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UN says humanitarian aid drops to Syria 'not imminent'

Despite calls from London and Paris for aid drops to besieged areas in Syria to start soon, the United Nations has said humanitarian aid drops are "not imminent." They would require approval from Syrian officials.

"As long as the World Food Program has not yet finalized its plans, I don't think there's something imminent," UN Special Envoy to Syria Staffan de Mistura said on Thursday of the potential for aid drops.

The UN estimates that 592,000 people live under siege in Syria, most of them surrounded by government forces, with another 4 million in hard-to-reach areas.

The International Syria Support Group (ISSG), which includes the United States and Russia, said in May that if humanitarian aid was denied to besieged areas, the UN's World Food Program (WFP) would be called on to carry out air drops starting June 1.

This appears to have changed, however.

"You need the consent of government," UN Deputy Syria Envoy Ramzy Ezzeldin Ramzy said at a press conference in Geneva on Thursday, adding he was not aware of any such permission from the Russian-backed regime of President Bashar al-Assad in Damascus.

Ramzy said the rebels and government would have to comply to ensure staff safety during what he called a "complex venture," involving helicopters, which could be exposed to attacks.

Humanitarian access has been a sticking point in UN-backed peace talks aimed at ending the five-year war.

Deadline for aid access delayed

The UN said in May that if it did not see an improvement in access for aid to besieged areas of Syria by June 1 it would task the UN food agency to carry out air drops. Air drops are considered a last resort as it could take six weeks of air drops to deliver the same amount of aid to an area as a single overland convoy.

Some aid, however,

has reached those in need

on Wednesday, with deliveries reaching two towns besieged by government forces where civilians are facing food shortages.

A local truce allowed a convoy to enter the town of Daraya near Damascus for the first time since late 2012, while another entered the nearby town of Moadamiyeh for the first time since this March.

The Syrian opposition said only medical supplies had been in the Daraya delivery, while UK-based charity Save the Children said it was "shocking and completely unacceptable" that no food had been brought to those in need.

About 8,000 people live in Daraya, which was one of the first towns to engage in anti-government demonstrations in 2012 and also to be placed under a strict regime siege the same year.

Calls for UN emergency meeting

Britain has called for an emergency

UN Security Council meeting

Friday to discuss humanitarian access and to press ahead with air drops. "It's too little, too late," said Matthew Rycroft, the British ambassador to the UN, referring to Wednesday's deliveries.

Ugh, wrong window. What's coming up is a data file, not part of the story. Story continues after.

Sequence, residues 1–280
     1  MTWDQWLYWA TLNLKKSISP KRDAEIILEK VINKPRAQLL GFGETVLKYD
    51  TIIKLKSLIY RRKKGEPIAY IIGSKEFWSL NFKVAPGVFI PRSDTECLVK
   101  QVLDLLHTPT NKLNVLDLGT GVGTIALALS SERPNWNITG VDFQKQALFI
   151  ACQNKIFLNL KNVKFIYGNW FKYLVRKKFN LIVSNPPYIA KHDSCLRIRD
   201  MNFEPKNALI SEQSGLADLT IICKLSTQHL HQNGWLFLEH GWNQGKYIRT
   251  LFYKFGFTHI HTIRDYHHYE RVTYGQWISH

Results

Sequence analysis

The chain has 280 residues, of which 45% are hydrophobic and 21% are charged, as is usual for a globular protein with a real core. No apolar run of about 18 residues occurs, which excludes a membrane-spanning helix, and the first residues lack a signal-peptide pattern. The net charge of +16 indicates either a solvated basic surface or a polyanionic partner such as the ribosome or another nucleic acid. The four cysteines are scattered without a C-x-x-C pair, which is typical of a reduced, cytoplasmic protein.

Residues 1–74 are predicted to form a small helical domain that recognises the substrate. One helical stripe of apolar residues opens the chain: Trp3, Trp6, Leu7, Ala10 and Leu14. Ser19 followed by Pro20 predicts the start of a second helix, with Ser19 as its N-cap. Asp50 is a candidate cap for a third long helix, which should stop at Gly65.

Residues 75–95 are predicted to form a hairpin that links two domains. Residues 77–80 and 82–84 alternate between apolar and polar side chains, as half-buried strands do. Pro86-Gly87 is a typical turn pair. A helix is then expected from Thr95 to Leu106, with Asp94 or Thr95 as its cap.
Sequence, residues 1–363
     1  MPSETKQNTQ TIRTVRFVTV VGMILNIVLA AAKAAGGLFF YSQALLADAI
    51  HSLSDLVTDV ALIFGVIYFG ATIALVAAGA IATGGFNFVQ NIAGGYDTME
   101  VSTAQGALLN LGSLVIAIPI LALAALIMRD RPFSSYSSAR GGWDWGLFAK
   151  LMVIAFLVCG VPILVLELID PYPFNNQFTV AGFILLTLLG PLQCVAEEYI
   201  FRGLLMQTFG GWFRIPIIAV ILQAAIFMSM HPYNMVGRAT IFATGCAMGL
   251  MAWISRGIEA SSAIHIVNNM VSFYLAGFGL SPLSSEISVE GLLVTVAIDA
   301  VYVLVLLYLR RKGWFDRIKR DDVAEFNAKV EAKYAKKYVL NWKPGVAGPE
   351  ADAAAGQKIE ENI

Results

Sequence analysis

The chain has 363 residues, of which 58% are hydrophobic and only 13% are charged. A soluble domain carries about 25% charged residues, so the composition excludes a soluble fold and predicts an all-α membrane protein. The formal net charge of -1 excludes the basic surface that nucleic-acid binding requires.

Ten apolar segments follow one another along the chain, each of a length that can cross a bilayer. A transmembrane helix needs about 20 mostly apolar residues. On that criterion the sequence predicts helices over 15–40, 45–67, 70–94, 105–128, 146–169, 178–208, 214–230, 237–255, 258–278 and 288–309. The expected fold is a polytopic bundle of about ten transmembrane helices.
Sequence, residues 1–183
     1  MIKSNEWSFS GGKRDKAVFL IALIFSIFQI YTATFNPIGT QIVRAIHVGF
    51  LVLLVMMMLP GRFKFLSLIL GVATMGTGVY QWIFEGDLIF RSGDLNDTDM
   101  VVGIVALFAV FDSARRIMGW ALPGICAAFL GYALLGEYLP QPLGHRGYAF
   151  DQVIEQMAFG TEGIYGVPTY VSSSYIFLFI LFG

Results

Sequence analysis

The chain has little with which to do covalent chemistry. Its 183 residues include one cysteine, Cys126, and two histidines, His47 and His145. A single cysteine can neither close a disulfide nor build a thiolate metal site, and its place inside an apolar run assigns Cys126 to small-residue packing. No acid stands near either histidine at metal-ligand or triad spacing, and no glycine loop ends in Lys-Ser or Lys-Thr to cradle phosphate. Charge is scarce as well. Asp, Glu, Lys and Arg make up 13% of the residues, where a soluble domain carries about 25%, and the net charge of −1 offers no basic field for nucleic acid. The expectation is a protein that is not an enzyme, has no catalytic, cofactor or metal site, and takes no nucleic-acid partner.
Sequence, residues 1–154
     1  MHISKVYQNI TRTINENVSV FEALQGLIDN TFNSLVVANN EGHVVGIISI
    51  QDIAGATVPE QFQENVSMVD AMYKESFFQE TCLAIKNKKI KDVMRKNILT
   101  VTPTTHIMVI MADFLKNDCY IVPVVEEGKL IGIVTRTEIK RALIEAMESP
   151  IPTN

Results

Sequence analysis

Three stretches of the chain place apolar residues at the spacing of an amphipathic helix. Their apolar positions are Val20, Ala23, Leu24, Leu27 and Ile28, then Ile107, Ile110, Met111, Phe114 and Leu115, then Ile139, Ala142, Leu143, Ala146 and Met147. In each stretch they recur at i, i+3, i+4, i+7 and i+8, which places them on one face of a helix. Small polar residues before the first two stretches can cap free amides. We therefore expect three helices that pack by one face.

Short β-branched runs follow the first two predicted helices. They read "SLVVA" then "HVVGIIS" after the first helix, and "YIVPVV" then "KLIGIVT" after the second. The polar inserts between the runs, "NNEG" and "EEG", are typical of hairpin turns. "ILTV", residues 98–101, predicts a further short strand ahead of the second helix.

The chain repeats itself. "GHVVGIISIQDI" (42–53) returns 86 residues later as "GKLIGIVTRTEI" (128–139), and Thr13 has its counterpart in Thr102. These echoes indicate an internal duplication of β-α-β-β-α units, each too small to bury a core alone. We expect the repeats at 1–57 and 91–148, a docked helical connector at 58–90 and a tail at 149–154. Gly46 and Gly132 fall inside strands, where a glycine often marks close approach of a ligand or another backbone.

French Ambassador Francois Delattre, meanwhile, blamed the Syrian regime for blocking access to towns and villages under siege.

An image released by the International Committee for the Red Cross shows the first humanitarian aid convoy in Daraya, Syria on Wednesday, June 1, 2016.

An image released by the International Committee for the Red Cross shows the first humanitarian aid convoy in Daraya, Syria on Wednesday, June 1, 2016.

Russia said on Wednesday that the local truce in Daraya would be observed until 00:01 a.m. on Friday (2101 GMT Thursday) to allow aid deliveries, but UN Ambassador Vitaly Churkin later suggested that plans to air drop humanitarian relief could be put on hold.

"I think we need to continue to pursue with land deliveries," Churkin said.

The border from Iraq to the Kurdish areas of Syria has been closed recently, adding to pressure on the local population, while Turkey has also shut its border.

Fighting rages on

Meanwhile, violence in the war-torn country continued on Thursday. A suicide bomb attack killed at least one person and wounded another three in the regime stronghold of Latakia in northwestern Syria, state television said.

Official news agency SANA said a motorcycle bomb was behind the attack in the coastal city.

Last month bombings claimed by the Islamic State group in the nearby seaside cities of Jableh and Tartus killed at least 170 people.

Watch video 00:27

Help from above for Syria

In northern Syria, a US-backed Kurdish-Arab alliance advanced toward the town of Manbij held by the "Islamic State" (IS) jihadi group on Thursday. In Syria's second city of Aleppo, at least five people were killed on Thursday in regime rocket fire on a rebel-held district, the civil defense said.

At least 280,000 people have been killed and millions displaced from their homes since the war started with the brutal repression of anti-regime protests in 2011.

jbh/sms (AFP, dpa, Reuters)

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